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The Emotional Lives of Adolescents (page 2)

By — NYU Child Study Center
Updated on Jul 9, 2010

Physical Changes

Increases in hormonal levels occur with the onset of puberty, causing bodily changes in both males and females. On average, females hit puberty earlier than males, which may lead to an increase in self-conscious thoughts for both sexes. Additionally, adolescents often get less sleep than needed. Despite requiring about 9 hours of sleep, most teens sleep an average of 7.5 hours each night, mostly due to later bedtimes paired with early school start times. This pattern of decreased sleep may lead them to be more irritable, particularly in the morning. You may also find your teen is spending more time sleeping on the weekends. While sleeping in on Saturday and Sunday helps offset their lack of sleep during the week, teens should not be sleeping in past noon, as this may contribute to a disrupted sleep cycle.

Social Changes

Peer relationships change at this time as well. Teens are more likely to form groups or "cliques" with their peers. They often feel as if they are the center of attention; thinking others will notice the smallest slight. These problems often seem much bigger to the teen than to his parents. Adolescents will often try to fit in with peers in a variety of ways. You'll likely see an increase in the teen's interest in her appearance or social life. Much of this fits in with the adolescent's quest to form an identity; that is, discovering who she is as well as determining personal values. On the other hand, teens are more susceptible to negative peer pressure as they attempt to fit in. It is important for parents to monitor their teen's peer group and to intervene if they believe the teen is involved in dangerous behavior.

What can parents do?

  • Parents can provide both emotional support for their teens as well as freedom to explore. Treat the adolescent as a developing adult by allowing him increased decision-making within the family.
  • Encourage healthy sleep habits. Help them find ways of relaxing prior to bed. Minimize caffeine and napping after school to aid in earlier bedtimes. Be a role model!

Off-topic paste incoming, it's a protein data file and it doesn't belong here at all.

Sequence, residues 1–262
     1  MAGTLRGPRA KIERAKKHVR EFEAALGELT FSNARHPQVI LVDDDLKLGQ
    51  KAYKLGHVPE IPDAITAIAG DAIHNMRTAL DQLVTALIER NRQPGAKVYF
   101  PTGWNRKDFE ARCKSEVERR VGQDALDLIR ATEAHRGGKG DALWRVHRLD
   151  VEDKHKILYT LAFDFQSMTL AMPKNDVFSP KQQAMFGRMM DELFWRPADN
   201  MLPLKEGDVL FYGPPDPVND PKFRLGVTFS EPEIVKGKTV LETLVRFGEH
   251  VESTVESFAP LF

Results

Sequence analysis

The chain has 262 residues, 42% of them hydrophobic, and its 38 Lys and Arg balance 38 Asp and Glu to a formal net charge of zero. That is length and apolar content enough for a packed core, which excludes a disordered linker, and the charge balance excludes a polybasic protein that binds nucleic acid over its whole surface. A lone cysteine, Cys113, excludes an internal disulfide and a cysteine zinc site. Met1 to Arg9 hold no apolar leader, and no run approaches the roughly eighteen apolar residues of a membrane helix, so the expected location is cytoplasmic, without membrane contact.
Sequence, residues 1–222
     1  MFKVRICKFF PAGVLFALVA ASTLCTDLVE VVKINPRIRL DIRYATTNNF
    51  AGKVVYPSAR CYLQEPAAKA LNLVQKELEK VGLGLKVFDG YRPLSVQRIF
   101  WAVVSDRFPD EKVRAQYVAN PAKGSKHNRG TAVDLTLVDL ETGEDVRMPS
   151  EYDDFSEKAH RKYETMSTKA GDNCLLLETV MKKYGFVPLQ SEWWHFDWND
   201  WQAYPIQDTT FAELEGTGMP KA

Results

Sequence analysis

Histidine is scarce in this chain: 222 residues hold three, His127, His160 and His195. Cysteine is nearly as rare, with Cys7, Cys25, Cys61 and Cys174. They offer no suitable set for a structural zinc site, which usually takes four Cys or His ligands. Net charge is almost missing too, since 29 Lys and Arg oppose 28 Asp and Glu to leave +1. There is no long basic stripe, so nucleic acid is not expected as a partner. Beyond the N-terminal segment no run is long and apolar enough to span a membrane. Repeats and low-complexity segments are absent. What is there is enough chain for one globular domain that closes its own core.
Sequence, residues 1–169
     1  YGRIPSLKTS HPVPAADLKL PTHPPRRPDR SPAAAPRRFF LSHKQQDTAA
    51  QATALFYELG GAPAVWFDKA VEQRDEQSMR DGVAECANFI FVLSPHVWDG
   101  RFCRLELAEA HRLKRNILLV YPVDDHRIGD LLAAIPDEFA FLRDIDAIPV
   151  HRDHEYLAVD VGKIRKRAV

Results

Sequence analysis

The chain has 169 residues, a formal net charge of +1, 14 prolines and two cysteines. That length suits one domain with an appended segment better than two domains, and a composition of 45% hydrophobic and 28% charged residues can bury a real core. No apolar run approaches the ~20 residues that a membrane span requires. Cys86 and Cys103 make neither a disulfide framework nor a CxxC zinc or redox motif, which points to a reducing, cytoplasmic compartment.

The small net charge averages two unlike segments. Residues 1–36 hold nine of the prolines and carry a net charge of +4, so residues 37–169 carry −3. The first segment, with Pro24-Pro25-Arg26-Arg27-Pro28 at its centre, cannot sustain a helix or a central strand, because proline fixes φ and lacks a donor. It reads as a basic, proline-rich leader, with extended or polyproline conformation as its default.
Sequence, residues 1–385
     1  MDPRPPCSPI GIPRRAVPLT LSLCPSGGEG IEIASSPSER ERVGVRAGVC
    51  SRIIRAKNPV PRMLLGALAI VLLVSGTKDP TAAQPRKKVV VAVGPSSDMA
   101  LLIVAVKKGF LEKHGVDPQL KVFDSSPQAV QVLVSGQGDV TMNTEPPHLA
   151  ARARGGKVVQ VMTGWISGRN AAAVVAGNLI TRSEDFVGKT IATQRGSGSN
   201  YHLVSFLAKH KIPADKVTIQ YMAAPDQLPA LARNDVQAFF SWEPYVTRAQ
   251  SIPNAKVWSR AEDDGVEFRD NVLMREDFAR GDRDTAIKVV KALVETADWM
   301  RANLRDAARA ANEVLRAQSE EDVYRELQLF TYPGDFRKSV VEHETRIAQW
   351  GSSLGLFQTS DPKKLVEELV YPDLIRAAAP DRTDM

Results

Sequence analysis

• Parents should be consistent with their limits but also allow their teens independence by demonstrating warmth and acceptance. Parents should continue to have discussions with their teens regarding the need for limit setting and house rules. These discussions will help the teen trust your guidance.
  • Monitor your teen's peer group. Be aware of how and with whom she is spending her time. As mentioned earlier, teens are susceptible to deviant behavior exhibited by other peers. Monitor your teen's social life with a degree of separation that allows the teen to make decisions and gain trust on his own. Keeping a "tight leash" on your teen often does not help any more than allowing "free reign" to do as he pleases.
  • Support teens in activities that are important to them -- such as sports, clubs and special interests. This increases their competence and self-esteem.
  • When dealing with family conflict, parents can choose particular "battles." Continue to set limits and monitor the teen's whereabouts while minimizing minor arguments (i.e., sleeping in on weekends or changes in hair style).
  • Finally, parents should continue to attempt to engage their teen in discussion despite the fact that many times he or she may act uninterested. Keep at it! There will be occasions where your teen requires and values your advice.

About the NYU Child Study Center 

The NYU Child Study Center is dedicated to the research, prevention and treatment of child and adolescent mental health problems. The Center offers evaluation and treatment for children and teenagers with anxiety, depression, learning or attention difficulties, neuropsychiatric problems, and trauma and stress related symptoms.

We offer a limited number of clinical studies at no cost for specific disorders and age groups. To see if your child would be appropriate for one of these studies, please call (212) 263-8916.

The NYU Child Study Center also offers workshops and lectures for parents, educators and mental health professionals on a variety of mental health and parenting topics. The Family Education Series consists of 13 informative workshops focused on child behavioral and attentional difficulties. To learn more or to request a speaker, please call (212) 263-8861.

For further information, guidelines and practical suggestions on child mental health and parenting issues, please visit the NYU Child Study Center's website, AboutOurKids.org.

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